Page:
Research proves that the ‘crazy cat lady’ stereotype is false
After psychoanalyzing the emotional health of individuals with and without pets, a team of researchers at UCLA has determined that it is time to put the “crazy cat lady” stereotype to rest. The study revealed that cat owners are no more “crazy” than anyone else.
“We found no evidence to support the ‘cat lady’ stereotype: cat-owners did not differ from others on self-reported symptoms of depression, anxiety or their experiences in close relationships,” wrote the study authors.
The study was focused on the mental health of 264 young adults with cats, dogs, or both. For comparison, the team also evaluated 297 young adults who had no pets.
The researchers analyzed the potential link between pet ownership and mental health-related or social difficulties, and also observed how the participants reacted to distress calls from animals.
The experts said that their findings do not support the idea that cat owners tend to be mentally unstable or lonely. In 2017, researchers at University College London came to a similar conclusion. They could not find any evidence that cat ownership is linked with the development of psychotic symptoms.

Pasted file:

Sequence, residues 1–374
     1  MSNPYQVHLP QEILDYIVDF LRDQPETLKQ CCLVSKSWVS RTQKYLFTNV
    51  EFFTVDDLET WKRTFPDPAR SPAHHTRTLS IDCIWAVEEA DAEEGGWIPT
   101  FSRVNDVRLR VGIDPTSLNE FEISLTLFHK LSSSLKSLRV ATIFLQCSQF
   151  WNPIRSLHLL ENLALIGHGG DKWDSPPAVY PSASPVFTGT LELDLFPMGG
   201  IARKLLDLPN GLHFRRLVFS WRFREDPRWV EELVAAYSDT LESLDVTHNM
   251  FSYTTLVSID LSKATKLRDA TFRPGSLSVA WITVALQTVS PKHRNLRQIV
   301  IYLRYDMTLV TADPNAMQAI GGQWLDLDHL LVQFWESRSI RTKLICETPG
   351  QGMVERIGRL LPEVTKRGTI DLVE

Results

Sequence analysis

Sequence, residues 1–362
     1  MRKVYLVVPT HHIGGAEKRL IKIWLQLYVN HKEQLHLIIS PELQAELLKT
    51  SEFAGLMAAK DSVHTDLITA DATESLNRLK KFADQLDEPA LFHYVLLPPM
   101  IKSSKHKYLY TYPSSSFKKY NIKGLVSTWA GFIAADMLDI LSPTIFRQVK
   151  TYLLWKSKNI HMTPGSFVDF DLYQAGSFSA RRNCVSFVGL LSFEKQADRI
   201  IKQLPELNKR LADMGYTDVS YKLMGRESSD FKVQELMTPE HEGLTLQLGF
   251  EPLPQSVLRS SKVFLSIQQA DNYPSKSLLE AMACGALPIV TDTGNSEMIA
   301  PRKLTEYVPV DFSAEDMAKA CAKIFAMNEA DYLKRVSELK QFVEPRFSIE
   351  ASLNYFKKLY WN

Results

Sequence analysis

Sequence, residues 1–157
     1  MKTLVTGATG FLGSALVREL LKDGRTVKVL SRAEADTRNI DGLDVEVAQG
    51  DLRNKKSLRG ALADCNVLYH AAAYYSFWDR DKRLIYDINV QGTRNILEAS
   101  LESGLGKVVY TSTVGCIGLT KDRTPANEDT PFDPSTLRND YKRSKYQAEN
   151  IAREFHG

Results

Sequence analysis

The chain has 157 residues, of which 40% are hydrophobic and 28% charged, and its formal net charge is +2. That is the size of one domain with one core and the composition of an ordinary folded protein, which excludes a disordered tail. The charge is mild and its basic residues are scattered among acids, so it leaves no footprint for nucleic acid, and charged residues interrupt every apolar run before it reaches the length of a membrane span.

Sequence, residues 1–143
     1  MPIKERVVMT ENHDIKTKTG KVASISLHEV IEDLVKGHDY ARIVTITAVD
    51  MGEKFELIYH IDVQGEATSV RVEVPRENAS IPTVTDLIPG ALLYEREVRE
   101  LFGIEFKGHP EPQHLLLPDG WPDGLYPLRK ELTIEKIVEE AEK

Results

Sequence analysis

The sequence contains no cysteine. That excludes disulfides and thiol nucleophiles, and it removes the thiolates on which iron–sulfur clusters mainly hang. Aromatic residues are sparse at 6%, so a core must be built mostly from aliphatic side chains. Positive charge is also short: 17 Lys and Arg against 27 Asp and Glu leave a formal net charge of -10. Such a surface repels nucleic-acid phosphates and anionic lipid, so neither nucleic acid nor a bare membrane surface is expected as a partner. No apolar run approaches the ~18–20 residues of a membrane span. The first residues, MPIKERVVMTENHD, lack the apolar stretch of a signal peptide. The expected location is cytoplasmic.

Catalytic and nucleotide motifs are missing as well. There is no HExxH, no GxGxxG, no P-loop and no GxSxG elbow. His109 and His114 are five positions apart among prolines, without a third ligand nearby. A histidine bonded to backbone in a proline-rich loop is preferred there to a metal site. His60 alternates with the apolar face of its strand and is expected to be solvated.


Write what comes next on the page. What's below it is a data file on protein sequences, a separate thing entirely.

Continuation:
The UCLA study also demonstrated that cat and dog owners were more likely to react with empathy when they heard the distress calls of an animal. Pet owners were found to be more emotional than people without pets when they heard dog whimpers or cat meows.
“We found several subtle differences between how adults with and without pets generally rated animal vocalizations,” said the study authors.
A growing collection of research has found that caring for a cat or dog has a positive impact on mental health, helping to relieve depression, anxiety, and stress. In addition, pets provide companionship, boost physical activity, and ease loneliness.
The study is published in the journal Royal Society Open Science.
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